A: Tremendous respect for the extraordinary courage and commitment of these early marine explorers. When I am in the Congo, we have satellite phones. We go to a cybercafe once a month. They were out there for years with no communications, suffering diseases, shipwrecks—and think what they did. They traveled, wrote, did so much, and then died at 30 or 40. Schöpf was 48! I’m in awe of what they accomplished. I also felt a camaraderie with their excitement in discovery and drive to understand the natural world. That mission and excitement is very much the same for curators today. The great majority were with big museums. Their names are on the specimen jars; our names are on the jars. There’s remarkable continuity, despite our advanced technology. They had the same driving force. The same camping out under the stars.

Read the full Q&A on the Museum blog, and pick up your own copy of Opulent Oceans!

Two-toed Sloth
Albert Seba’s (1665-1736) four volume Thesaurus (Locupletissimi rerum naturalium thesauri accurata descriptio…) illustrated the Dutch apothecary’s enormous collection of animal and plant specimens amassed over the years. Using preserved specimens, Seba’s artists could depict anatomy accurately—but not behavior. For example, this two-toed sloth is shown climbing upright, even though in nature, sloths hang upside down.
See this and other illustrations from the Museum’s Rare Book Collection in Natural Histories: 400 Years of Scientific Illustration from the Museum’s Library.

Two-toed Sloth

Albert Seba’s (1665-1736) four volume Thesaurus (Locupletissimi rerum naturalium thesauri accurata descriptio…) illustrated the Dutch apothecary’s enormous collection of animal and plant specimens amassed over the years. Using preserved specimens, Seba’s artists could depict anatomy accurately—but not behavior. For example, this two-toed sloth is shown climbing upright, even though in nature, sloths hang upside down.

See this and other illustrations from the Museum’s Rare Book Collection in Natural Histories: 400 Years of Scientific Illustration from the Museum’s Library.




Frozen Urine
Micrographia (1667), the first book in English to illustrate the microscopic world, was popular in part because it presented an enormous range of subjects. The meticulous illustrations of a flea and other minute creatures, foretold a new chapter in natural history, in which organisms could be classified according to precisely detailed descriptions of their anatomy—even the tiniest.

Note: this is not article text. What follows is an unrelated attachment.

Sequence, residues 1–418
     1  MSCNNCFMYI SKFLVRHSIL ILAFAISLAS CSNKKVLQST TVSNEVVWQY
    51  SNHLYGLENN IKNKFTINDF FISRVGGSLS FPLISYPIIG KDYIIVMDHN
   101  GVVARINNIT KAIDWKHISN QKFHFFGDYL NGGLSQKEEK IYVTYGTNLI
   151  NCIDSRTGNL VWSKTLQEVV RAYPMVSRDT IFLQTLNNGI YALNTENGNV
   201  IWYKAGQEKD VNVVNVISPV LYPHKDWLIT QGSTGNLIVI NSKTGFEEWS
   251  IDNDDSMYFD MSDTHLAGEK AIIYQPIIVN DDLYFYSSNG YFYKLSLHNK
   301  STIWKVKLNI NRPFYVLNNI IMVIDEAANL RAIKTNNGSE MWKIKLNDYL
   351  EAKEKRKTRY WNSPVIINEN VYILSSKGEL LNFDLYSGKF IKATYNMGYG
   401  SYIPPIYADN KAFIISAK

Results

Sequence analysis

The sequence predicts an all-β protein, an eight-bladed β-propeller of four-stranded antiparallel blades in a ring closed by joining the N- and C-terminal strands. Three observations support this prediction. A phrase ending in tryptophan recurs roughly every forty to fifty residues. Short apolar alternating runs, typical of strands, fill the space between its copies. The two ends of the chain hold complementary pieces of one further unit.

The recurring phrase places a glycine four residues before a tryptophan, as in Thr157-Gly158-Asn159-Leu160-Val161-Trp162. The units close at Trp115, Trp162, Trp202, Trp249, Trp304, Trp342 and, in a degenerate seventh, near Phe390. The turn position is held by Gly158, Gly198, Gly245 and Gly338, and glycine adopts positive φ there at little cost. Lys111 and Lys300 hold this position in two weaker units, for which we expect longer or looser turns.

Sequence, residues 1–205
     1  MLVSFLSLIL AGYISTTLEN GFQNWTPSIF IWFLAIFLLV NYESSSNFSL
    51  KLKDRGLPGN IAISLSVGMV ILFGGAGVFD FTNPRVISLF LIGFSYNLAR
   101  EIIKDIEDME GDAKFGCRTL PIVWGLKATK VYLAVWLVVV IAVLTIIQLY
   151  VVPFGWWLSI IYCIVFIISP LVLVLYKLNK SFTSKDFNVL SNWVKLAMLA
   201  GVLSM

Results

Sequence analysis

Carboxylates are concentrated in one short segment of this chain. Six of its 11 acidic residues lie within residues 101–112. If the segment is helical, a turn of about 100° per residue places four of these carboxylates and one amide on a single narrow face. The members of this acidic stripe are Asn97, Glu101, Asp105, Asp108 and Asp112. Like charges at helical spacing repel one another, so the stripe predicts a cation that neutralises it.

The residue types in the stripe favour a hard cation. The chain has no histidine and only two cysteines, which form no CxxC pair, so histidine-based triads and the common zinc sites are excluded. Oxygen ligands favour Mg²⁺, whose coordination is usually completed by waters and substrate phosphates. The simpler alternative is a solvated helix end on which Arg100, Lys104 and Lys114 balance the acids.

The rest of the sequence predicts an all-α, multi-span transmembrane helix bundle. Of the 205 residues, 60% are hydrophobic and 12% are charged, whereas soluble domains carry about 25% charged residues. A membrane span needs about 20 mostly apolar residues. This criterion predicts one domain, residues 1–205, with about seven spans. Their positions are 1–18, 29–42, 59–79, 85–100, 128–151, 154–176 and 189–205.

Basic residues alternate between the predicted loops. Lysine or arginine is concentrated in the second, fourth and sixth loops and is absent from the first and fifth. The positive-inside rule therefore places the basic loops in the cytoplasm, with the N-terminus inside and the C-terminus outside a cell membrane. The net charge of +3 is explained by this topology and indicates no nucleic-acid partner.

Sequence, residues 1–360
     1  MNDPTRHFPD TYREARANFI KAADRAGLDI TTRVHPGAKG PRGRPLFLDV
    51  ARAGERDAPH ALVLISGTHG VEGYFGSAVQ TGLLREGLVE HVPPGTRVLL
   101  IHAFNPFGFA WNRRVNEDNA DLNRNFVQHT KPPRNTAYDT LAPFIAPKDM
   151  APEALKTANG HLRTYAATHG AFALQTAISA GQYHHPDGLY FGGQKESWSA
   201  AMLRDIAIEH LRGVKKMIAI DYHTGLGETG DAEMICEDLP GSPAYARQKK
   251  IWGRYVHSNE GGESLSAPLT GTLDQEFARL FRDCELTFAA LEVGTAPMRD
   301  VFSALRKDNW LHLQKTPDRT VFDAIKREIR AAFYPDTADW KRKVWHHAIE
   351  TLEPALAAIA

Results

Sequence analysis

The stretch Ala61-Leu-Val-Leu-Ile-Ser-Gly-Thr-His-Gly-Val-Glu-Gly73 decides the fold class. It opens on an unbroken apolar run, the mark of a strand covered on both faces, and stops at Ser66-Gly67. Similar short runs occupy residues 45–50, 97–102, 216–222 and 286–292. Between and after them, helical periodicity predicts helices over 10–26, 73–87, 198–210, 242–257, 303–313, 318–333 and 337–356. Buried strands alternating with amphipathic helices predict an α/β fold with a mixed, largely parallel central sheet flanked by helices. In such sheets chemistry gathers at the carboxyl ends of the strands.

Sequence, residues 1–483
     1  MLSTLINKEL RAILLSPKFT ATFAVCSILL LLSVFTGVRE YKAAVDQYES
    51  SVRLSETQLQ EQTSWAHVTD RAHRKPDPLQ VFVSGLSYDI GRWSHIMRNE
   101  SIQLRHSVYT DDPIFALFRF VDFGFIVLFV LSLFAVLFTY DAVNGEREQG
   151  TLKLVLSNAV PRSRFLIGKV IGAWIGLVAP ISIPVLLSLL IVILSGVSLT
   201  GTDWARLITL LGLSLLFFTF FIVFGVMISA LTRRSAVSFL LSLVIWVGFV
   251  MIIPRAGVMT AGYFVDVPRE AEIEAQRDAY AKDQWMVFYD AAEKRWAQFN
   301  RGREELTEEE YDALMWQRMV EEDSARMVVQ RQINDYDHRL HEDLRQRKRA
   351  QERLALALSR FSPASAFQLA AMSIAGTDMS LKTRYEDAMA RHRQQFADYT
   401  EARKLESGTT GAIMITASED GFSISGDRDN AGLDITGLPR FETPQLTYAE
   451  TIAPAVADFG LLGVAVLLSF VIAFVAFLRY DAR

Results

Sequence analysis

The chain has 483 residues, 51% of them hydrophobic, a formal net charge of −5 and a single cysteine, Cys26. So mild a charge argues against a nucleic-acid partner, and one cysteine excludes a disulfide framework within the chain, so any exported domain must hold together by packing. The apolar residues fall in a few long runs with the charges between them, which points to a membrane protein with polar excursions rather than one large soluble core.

This image, by author and illustrator Robert Hooke, depicts geometric formations in frozen urine (presumably his own).
See this and other illustrations from the Museum’s Rare Book Collection in Natural Histories: 400 Years of Scientific Illustration from the Museum’s Library.

Frozen Urine

Micrographia (1667), the first book in English to illustrate the microscopic world, was popular in part because it presented an enormous range of subjects. The meticulous illustrations of a flea and other minute creatures, foretold a new chapter in natural history, in which organisms could be classified according to precisely detailed descriptions of their anatomy—even the tiniest. 

This image, by author and illustrator Robert Hooke, depicts geometric formations in frozen urine (presumably his own).

See this and other illustrations from the Museum’s Rare Book Collection in Natural Histories: 400 Years of Scientific Illustration from the Museum’s Library.

Johann Friederich Wilhelm Herbst (1743-1807), a German churchman, naturalist, and superb artist, drew this illustration of the crab Cancer reticulatus for his book series Versuch einer Naturgeschichte der Krabben und Krebse… (Attempt at a natural history of crabs and crayfish…). In this three-volume work, Herbst illustrated and described crabs and crayfish. Thanks to their meticulous detail and coloring, the beautiful images endure as a useful scientific resource. 
See this and other illustrations from the Museum’s Rare Book Collection in Natural Histories: 400 Years of Scientific Illustration from the Museum’s Library.

Johann Friederich Wilhelm Herbst (1743-1807), a German churchman, naturalist, and superb artist, drew this illustration of the crab Cancer reticulatus for his book series Versuch einer Naturgeschichte der Krabben und Krebse… (Attempt at a natural history of crabs and crayfish…). In this three-volume work, Herbst illustrated and described crabs and crayfish. Thanks to their meticulous detail and coloring, the beautiful images endure as a useful scientific resource.